I explained this all in my previous posts. The simple answer is not enough money in the subscriber pool. Anime is bid on and goes to the highest bidder. CR would need to outbid every other player to get all the shows, and do so for each region. That would not happen because CR would be overpaying for some anime if it did. The amount CR bids on each show is how much the title is worth to CR's library at the current subscriber rate. The budget is their "excuse."

This is why every subscriber matters. More subs means more budget to license more shows. With more subscribers they can bid a bit more liberally, and thus snag some more shows from the competition and add regions they otherwise might not be able to afford. Remember also they need to bid for each region, so the costs add up quickly. Each region needs to have adequate support to justify picking up the rights for it. If a region lacks a particular title, and it is not being stopped by competition or the Japanese side of things, then that means the subscriber base does not support the licensing fee for the show in that region. Plain and simple.



And as I explained in my previous post, Crunchy shouldn't view the market "as is" as the actual market, unless it has first put in effort into growing the market. Since Crunchy is an aggregator of third-party content, if that domestic anime market becomes untenable and there is no global market for domestic content creators, then naturally it would reverberate back to Crunchy as well. While Crunchy has been diversifying itself by providing more than just anime, venturing into K-Drama, manga, and the Crunchy Store, it is unknown if that would be a business model which could replace income from streaming anime.
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Posted 11/14/14
I would say it helps a lot. Probably more than if you were to illegal stream them. CR pays for the rights to get those shows to stream. So they are making money off of it, especially if they see people are watching it.
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35 / M
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Posted 11/14/14 , edited 11/15/14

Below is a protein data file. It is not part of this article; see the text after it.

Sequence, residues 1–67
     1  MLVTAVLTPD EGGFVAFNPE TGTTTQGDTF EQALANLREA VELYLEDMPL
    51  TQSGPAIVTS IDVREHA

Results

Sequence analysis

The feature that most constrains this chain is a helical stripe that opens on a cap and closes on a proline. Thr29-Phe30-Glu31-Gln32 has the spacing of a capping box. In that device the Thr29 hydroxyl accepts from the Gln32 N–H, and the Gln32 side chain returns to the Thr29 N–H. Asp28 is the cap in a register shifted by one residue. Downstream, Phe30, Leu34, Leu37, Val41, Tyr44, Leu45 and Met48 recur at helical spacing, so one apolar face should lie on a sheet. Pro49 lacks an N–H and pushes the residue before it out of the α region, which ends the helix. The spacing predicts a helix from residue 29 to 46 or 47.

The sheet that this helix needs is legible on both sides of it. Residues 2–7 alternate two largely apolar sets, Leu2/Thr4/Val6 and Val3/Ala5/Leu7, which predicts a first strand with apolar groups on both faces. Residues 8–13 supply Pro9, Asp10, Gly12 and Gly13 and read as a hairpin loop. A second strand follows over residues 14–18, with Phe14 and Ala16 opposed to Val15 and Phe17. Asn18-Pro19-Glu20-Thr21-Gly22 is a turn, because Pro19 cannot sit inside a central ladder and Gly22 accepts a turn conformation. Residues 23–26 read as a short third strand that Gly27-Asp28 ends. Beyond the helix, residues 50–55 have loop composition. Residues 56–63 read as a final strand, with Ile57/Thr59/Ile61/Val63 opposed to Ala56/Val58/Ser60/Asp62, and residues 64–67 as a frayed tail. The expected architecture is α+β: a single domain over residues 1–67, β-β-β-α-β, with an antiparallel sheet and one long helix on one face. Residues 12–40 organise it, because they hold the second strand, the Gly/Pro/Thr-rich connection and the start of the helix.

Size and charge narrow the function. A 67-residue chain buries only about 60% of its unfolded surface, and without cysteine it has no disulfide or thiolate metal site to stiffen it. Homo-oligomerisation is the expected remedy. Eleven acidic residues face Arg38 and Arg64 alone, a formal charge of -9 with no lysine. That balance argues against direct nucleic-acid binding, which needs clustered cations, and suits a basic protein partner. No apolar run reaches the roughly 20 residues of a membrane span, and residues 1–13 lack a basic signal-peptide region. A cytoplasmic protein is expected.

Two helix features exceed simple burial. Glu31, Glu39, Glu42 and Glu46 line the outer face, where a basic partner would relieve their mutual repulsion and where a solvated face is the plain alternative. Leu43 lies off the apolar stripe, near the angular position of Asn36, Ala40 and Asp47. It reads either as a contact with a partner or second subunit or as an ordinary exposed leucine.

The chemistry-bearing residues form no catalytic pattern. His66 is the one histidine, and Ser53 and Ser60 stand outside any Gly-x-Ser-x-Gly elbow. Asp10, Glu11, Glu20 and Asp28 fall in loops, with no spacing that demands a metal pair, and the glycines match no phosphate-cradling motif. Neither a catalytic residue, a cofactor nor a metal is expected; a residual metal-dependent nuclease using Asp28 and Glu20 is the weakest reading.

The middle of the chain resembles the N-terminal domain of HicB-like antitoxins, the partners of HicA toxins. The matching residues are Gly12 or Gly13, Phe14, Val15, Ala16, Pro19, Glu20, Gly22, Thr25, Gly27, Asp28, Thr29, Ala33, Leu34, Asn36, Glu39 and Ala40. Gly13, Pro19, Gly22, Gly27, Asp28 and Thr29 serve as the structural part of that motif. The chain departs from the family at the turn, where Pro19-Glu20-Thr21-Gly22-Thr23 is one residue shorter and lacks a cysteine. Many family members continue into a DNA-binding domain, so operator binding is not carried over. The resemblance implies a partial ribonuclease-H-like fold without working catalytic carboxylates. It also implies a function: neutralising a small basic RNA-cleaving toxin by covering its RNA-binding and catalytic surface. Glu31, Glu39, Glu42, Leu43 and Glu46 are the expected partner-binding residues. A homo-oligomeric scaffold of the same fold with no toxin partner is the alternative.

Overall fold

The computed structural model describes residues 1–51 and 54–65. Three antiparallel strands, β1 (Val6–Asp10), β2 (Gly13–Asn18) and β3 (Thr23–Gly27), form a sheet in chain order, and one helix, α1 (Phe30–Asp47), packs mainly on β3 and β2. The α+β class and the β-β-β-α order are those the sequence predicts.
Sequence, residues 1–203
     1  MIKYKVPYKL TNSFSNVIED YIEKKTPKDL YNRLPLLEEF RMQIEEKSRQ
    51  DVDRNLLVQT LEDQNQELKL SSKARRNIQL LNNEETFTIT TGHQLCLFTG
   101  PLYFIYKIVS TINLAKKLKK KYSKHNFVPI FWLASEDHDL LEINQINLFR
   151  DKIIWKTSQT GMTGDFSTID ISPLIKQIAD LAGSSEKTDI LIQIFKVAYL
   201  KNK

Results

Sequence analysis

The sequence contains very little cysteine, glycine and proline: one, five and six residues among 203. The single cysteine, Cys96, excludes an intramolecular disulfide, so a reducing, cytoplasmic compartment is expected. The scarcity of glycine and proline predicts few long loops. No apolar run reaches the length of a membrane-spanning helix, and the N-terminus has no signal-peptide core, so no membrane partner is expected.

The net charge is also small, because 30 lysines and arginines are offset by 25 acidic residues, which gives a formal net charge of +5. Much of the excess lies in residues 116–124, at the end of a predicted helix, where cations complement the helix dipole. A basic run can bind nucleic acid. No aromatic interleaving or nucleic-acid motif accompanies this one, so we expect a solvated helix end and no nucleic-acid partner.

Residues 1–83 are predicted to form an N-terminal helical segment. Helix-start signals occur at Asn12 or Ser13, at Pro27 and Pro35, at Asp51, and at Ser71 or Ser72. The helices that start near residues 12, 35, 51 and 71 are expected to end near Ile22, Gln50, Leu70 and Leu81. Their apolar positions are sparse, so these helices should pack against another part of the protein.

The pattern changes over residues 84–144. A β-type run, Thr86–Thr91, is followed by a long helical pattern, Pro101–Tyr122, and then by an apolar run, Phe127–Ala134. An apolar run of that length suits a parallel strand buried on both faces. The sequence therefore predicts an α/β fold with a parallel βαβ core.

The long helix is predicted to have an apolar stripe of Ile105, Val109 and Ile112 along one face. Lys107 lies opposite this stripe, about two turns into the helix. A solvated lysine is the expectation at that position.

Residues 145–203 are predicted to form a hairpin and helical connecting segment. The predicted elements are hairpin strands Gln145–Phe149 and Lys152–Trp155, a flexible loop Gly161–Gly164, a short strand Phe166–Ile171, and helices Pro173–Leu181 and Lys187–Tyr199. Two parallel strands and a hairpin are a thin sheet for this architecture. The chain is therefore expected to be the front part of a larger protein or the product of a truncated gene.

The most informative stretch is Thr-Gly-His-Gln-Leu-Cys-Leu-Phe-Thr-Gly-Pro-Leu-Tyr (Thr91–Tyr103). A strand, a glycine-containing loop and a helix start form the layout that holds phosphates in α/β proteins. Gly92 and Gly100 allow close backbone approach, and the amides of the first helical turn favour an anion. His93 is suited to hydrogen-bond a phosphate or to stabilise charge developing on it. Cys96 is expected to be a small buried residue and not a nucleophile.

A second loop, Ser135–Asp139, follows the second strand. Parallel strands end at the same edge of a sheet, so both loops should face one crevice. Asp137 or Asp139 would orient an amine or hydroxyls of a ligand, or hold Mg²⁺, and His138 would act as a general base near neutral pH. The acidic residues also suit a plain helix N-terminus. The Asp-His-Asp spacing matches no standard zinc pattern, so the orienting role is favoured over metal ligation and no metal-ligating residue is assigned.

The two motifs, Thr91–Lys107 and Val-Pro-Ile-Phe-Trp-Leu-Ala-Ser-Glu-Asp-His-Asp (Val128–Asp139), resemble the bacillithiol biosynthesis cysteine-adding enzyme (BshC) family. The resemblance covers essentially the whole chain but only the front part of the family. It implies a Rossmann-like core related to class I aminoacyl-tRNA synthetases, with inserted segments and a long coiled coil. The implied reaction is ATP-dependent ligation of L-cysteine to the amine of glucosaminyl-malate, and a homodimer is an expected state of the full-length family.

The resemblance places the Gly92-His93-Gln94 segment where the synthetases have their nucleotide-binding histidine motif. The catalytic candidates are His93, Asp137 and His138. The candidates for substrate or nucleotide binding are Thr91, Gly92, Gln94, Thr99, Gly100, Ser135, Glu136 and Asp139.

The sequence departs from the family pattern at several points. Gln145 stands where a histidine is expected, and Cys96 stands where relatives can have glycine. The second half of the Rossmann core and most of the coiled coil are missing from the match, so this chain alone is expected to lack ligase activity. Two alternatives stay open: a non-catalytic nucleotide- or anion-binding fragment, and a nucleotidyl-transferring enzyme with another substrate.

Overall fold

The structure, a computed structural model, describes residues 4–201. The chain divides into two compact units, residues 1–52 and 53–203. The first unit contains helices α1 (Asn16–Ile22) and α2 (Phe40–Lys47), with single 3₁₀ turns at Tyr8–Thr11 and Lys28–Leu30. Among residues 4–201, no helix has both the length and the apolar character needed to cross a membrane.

I'm doubtful that it's as much as it's trumped up to be only because there has to be a significant portion going to bandwidth and storage fees and it's such a low fee..

Then there's also the matter of how far down the food chain CR might be. The license, yes, but then that licensing fee goes to what? Are the licenses held by the original station that aired the show>? the animation studio? the manga artist? The lawyers that broker the contract? I mean it's not like you pay the artist directly.

and if you buy two anime DVD's and two mangas in the course of a year, you've spend about equal to your subscription. But with streaming as the option, you're probably not going to be as willing to just buy videos off the shelf...

There's also ads to consider in their revenues. That's basically taking the television model that has existed for years, and reformatting it for the internet. That probably adds some more to the actual revenue you're generating for them, but trust me, the animation studios, etc, are probably making the most money off of people who still just buy dvds and blue ray and manga. They also are hoping to capitalize on you buying the cheap plastic crap that they make with the images of their characters... (sorry, but it's just very difficult for me to invest in the memorabilia anymore).
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Posted 11/15/14 , edited 11/15/14
Short Answer: Yes
Long Answer: No